Bank robbery case dropped
‘It is unlikely that she did it’
— Prosecutors have dropped their criminal case against a woman accused of robbing a bank in downtown Rising Sun in January because it appears that investigators arrested and charged the wrong person.
Assistant State’s Attorney Kevin B. Urick dismissed charges of armed robbery, robbery and theft of more than $1,000 and less than $10,000 against the defendant, Lindsey Michelle Palmer, 36, of Conowingo, during a courtroom hearing Wednesday.
“When the final evidence exchange between the state and defense occurred, it was evident that the state did not have the evidence to meet its burden of proof, to the prove the case beyond a reasonable doubt,” Urick said, adding, “You can never be absolutely certain of someone’s innocence, but I think it is unlikely that she (Palmer) did it.”
Elkton-based lawyer H. Norman Wilson represented Palmer. Wilson could not be reached at his office Thursday afternoon for comment.
Because the investigation into the armed robbery at 11:20 a.m. on Jan. 20 at
the PNC Bank at 101 E. Main St. will resume now, in light of the latest development, prosecutors declined to specify the evidence that led to the dropping of all charges against Palmer.
Urick did report that the state lacked fingerprints and DNA evidence.
Sgt. Christopher Tserkis Sr., of the Rising Sun Police Department, investigated the bank robbery, according to Cecil County District and Circuit Court records.
RSPD Chief Francis “Chip” Peterson commented Thursday, “The investigation will continue. It is not a dead issue. Names and addresses of suspects and people of interest come and go during any investigation. We will continue to investigate until we make an apprehension.”
Tserkis had reported in court documents that the suspect approached the teller and then “unraveled the piece of paper, being a note that demanded money and (stated) she was in possession of a gun.”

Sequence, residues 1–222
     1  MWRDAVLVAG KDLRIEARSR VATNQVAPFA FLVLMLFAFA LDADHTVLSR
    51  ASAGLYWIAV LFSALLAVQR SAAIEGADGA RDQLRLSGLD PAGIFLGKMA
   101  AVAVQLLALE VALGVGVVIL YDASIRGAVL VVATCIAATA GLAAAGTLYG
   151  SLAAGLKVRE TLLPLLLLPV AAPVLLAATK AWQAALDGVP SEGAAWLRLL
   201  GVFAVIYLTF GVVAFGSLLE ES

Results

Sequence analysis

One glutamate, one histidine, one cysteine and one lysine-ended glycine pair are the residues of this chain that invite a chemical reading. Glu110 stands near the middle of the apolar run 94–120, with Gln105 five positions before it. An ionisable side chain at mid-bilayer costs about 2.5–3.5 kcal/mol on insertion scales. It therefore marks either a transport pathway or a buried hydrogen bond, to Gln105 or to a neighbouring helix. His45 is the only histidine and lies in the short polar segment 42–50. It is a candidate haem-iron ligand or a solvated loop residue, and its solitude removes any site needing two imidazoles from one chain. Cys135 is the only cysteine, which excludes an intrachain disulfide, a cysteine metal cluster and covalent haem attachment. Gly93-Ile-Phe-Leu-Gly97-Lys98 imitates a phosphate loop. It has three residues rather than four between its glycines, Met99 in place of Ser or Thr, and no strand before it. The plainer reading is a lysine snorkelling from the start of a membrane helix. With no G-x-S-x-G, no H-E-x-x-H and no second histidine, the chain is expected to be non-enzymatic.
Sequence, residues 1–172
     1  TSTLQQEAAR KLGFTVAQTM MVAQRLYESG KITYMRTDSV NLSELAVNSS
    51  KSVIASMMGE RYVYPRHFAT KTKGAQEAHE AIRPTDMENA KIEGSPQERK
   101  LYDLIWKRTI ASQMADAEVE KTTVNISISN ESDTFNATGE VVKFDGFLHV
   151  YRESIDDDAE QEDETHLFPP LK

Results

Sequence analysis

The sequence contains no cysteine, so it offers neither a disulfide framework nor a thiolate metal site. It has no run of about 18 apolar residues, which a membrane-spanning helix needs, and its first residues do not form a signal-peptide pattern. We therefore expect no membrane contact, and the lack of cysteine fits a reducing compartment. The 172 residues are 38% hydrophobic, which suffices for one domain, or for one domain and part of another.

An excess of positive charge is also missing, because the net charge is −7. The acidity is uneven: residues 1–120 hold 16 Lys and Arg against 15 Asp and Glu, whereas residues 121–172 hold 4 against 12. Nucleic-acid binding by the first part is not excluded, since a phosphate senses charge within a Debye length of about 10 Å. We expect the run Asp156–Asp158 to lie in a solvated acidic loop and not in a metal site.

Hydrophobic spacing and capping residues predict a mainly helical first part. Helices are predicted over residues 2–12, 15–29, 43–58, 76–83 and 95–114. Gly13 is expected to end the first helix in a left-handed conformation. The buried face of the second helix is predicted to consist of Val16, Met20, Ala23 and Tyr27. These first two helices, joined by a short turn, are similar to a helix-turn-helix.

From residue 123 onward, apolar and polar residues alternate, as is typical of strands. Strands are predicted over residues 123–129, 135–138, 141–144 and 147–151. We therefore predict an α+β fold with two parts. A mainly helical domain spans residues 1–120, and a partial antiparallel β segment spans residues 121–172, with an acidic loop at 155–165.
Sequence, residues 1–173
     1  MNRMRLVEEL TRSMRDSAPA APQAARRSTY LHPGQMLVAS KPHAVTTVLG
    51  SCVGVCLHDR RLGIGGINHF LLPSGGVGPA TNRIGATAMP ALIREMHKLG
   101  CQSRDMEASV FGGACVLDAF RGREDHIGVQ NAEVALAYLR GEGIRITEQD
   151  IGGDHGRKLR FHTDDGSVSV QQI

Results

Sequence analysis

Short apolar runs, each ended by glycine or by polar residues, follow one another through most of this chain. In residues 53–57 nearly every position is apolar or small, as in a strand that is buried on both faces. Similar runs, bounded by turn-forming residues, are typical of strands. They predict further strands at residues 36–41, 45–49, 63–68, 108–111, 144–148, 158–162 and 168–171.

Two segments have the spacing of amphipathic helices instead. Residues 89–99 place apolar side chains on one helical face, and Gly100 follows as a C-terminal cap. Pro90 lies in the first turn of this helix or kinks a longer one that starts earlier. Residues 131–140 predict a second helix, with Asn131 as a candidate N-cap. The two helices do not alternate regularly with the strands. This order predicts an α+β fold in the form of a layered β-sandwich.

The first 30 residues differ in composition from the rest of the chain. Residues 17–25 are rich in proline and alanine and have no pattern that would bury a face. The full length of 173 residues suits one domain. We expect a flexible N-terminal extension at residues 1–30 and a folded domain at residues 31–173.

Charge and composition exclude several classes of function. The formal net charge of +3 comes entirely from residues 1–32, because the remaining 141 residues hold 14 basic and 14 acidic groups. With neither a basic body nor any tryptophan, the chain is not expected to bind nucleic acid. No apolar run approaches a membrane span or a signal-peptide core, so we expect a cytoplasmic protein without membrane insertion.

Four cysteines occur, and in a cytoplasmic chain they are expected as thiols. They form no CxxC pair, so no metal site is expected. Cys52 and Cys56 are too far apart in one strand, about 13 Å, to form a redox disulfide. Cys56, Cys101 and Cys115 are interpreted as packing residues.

The investigator also reported in those court papers, “Although the note stated the suspect was in possession of a handgun, no handgun was ever displayed at the scene, only implied.”
The teller took approximately $2,000 from the cash drawer and handed it to the suspect, who, after folding the bills and putting them in her purse, walked out of the bank and was last seen fleeing on foot up North Walnut Street, according to court records.
Those court documents indicate that teller surrendered the money to the suspect because he was “fearing for his safety and the safety of others.”
A bank surveillance camera videotaped the suspect during the robbery and investigators distributed a photo gleaned from that footage, asking the public to help detectives identify the woman, police said at the time. The Maryland Association for Bank Security offered a $5,000 reward for information that would lead to an arrest and conviction, police added.
Investigators interviewed every patron and employee who was inside the bank at the time of the robbery and received descriptions of the suspect, police reported.
A branch manager told Tserkis that “their bank had just been robbed by a Middle Eastern looking descent female,” at the outset of the investigation, according to court records made public in late January.
Police reported that the suspect was wearing a “purple head wrap, blue jeans and a purple coat.”
Some 30 minutes after the robbery, at the RSPD station, investigators showed a photo lineup consisting of six pictures showing “females of similar height, weight, age and complexion of Lindsay Palmer” to the teller who had surrendered the money to the suspect after receiving the note, police reported at the time.
“( The teller) immediately gave a positive identification of Lindsay Palmer in the lineup as the female who robbed PNC Bank,” court records alleged at the time.
Also at that time, police al- leged that the bank employee made that positive identification with “extreme certainty,” and that Palmer matched the PNC Bank surveillance footage obtained from PNC Bank Security.
Some six hours after the bank robbery, Tserkis received an “anonymous tip stating the Lindsey Palmer matched the descrip- tion of the bank robber,” according to court records released shortly after Palmer’s arrest, which occurred some nine days after the incident.
Palmer remained in the Cecil County Detention Center for about a week, before she was released after posting a $49,000 bond, court records show.
Crystal Horsts takes the golf cart and her youngest child past the custom dairy heifers to check on her husband, Galen, at the family’s farm on England Creamery Road in Zion.
This surveillance photo shows the suspect who robbed the PNC Bank in Rising Sun on Jan. 20. It played a role in investigators identifying a Conowingo woman as the suspect and arresting her. But on Wednesday, citing a lack of evidence, prosecutors dropped their case against that woman.